Reflections on Animal Farm

Robert M. Vunabandi
8 min readJan 23, 2021


I’ve always heard people hype Animal Farm up, but when I recall those instances, no one has ever pointed out what was so interesting about it. However, having read 1984, I was definitely expecting some kind of story that represents society going awfully bad. After all, George Orwell is known for that!

My general expectations were correct, but in terms of the raw story, I was kind of surprised with the turn it took. If there’s one quote that really hit me, it was this:

Besides, in those days they had been slaves and now they were free, and that made all the difference, as Squealer did not fail to point out

Needless to say, spoilers alerts~

Quick Summary

When the story set out, we find out there’s a farm called the Manor Farm that has a bunch of animals in it (cats, pigs, dogs, horses, sheep, etc). For a while, all these animals have been pretending to be docile, but Old Major—an old pig—changes that by inspiring the animals that they will have a revolution. Later on Old Major dies of old age, and the animals quickly decide to revolt and take over the farm. They succeed, and after the revolutions, they decide to now own the farm and vow to have a much better production than the humans who used to own them. They renamed the farm: Animal Farm.

Unsurprisingly, they divide up the work according to each one’s ability, and they have a pretty relax set up where different animals only work for as long as they can handle. They also join around the idea that “two legs bad, four legs good”, and all of this amount to them actually beating the humans in terms of production.

The interesting part was that outside the pigs, none of the other animals had the intelligence to read. So, the pigs took on the administrative role for the farm. What goes terribly wrong her is that the pigs take advantage of the power afforded in this role to make their lives better, brainwash every other animals that it’s for the better cause of everyone, and turn them into willing slaves. Their condition worsened to a point that was worse than when they were under the humans’ reign, yet they fail to recognize this due to pigs’ brainwashing. It just slowly turned into a dictatorship with public punishments and constant fear. So, what turned out to be a well intentioned revolution devolved into a dictatorship that was worse than before, and ironically all the animals bought into the lies the pigs made up.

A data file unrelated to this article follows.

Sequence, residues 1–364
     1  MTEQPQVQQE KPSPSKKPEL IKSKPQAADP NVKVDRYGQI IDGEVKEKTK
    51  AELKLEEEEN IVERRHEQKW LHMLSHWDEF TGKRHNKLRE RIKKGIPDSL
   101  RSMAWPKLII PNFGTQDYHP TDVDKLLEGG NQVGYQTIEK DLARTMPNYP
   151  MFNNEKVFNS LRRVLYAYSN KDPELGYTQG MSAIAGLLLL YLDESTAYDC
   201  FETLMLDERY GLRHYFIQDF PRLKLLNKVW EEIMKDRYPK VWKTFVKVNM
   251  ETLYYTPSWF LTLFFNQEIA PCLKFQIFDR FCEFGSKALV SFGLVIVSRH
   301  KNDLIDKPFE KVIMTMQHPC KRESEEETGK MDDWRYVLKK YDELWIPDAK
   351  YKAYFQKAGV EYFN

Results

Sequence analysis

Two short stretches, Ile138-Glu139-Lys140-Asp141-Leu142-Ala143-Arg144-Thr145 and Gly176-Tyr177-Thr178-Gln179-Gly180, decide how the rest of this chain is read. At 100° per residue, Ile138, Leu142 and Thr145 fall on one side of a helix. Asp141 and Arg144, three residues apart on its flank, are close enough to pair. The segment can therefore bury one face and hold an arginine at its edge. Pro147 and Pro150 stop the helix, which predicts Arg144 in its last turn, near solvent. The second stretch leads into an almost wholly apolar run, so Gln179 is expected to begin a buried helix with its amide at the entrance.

Moral of the Story

I have been listening to Real Dictators podcast, and what the pigs essentially did was exactly what Joseph Stalin did back then to the population (or what Kim Jong-il did). In fact, I believe this book was written as a satire to the Russian Revolution (as it says in the book cover). What’s so difficult about this is that it’s hard to say, when did things go wrong?

I struggle to find an answer to that question. However, what I can make up is that there were a couple of flaws in terms of how the system was set up from the beginning, and ultimately this story speaks to the greedy incentives that we all as humans have and that we should be watching out for. The major flaws in the system that Animal Farm had revolved around the following:

  • Education & Intelligence
  • Foresight
  • Heavily Concentrated Power

Education & Intelligence

One major flaw, one that would be very difficult to fix easily, was that at the start of the revolution, one group was already more intelligent than every other group—significantly so.